Few hours later I get an email through this system. The rep, whose name is "Princess", sent a personal note to tell me how much she appreciated how I was on the call, citing my "warm approach".

Wherever you are, Princess, know that it was nothing. It's Jeff Bezos who needs to get his act together, and people like you are just on the front lines, catching hell from cranky bastards like me. I'm happy to show appreciation for help when it is given.

Please avoid the compliment sandwich. And please, as Jerry Springer would tell us, "Take care of yourself, and each other." And don't bounce checks.

People like to think that this is something that you can "just do" if you try hard enough.

While there is some control, much of the positive attributes a person can have are genetic, as much as 50%, I've read. Nothing you can do about it.

For example of this, let's look at infants. We all know some infants and babies are wonderful and everyone wants to be around them, and others are not.

You know what I mean - the baby who smiles and coos and giggles and holds their arms up to be picked up, even by strangers, they are happy and trusting. Meanwhile, some kids cry, frown, are fearful. This all happens in infants, before they even really understand the environment or get kicked in the teeth to make them like that. Kids are like this almost straight out of the womb - 2 weeks into the world.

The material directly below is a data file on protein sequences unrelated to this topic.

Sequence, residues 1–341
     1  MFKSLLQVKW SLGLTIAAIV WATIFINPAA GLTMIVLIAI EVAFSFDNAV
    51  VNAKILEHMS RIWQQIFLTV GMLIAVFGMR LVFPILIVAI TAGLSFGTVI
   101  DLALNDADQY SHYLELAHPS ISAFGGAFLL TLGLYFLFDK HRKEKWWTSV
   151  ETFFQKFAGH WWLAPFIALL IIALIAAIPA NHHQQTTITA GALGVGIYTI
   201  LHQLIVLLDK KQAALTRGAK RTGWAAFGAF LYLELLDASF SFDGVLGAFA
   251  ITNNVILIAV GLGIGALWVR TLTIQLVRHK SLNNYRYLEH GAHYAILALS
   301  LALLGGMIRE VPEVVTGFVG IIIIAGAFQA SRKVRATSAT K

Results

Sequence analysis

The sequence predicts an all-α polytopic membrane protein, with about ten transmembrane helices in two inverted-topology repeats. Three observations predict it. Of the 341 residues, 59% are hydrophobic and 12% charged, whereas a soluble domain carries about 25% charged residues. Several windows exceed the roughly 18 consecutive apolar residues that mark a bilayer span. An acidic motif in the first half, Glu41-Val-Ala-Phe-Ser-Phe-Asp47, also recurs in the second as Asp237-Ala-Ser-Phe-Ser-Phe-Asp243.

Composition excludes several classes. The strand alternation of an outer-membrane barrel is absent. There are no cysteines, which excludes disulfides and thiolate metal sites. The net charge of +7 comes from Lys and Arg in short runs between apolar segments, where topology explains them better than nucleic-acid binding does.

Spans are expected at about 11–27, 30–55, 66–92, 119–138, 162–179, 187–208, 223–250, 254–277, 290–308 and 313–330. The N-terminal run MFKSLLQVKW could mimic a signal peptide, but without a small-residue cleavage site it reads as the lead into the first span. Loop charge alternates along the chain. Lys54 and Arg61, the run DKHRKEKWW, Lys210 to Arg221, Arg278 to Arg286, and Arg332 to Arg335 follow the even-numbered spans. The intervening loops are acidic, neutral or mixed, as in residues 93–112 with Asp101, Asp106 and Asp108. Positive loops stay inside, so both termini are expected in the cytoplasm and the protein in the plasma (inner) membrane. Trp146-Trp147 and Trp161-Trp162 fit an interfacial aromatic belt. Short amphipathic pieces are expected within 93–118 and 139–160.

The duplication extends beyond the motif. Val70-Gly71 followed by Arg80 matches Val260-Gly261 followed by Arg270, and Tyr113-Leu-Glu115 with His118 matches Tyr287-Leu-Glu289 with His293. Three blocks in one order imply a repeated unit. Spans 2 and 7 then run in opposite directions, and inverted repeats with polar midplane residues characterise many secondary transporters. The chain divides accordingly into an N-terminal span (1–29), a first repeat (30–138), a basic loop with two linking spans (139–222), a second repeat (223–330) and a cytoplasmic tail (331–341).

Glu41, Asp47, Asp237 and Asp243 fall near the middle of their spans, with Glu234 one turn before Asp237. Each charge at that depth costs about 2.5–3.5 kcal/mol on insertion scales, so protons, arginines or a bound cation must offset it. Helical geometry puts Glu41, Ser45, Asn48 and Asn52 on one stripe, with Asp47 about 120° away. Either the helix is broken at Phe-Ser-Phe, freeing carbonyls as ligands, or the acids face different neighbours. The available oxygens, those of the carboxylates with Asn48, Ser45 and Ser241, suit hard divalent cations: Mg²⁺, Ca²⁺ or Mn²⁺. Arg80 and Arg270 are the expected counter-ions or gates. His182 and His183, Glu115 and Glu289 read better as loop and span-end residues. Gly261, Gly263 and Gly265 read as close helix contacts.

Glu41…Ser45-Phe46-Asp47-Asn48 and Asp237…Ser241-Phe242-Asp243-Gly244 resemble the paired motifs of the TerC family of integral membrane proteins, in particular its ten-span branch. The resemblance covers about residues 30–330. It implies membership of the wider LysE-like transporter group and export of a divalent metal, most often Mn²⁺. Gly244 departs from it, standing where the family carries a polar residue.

All I'm saying is that there is a massive genetic component to disposition, I don't think this is too controversial if you think upon it.

So those people who are born with a great disposition go through life that is easier if people like them more.

People with bad genetic disposition can work on it, sure, but they are starting from a 50% disadvantage, and having to work twice as hard is extremely difficult, because it is a 24/7 thing. It's not natural, so you have to be thinking about it all the time, whereas in one with good genetics, they are at 100% right at birth so they don't even have to bother working on being a good person that everyone likes. Opportunities come to them unbidden. Even the people giving the opportunities don't see it that way, they just do it, because...why wouldn't they?

This is only a rough framework, I know there are many variables. It's a stripped down view. But that's how I see it.

Gratitude = Weapon?

Some real 1984 type shit

Weapon does not automatically imply killing and being on the offense.

The existence of weapons can also be used to defend the helpless and conduct peacekeeping actions.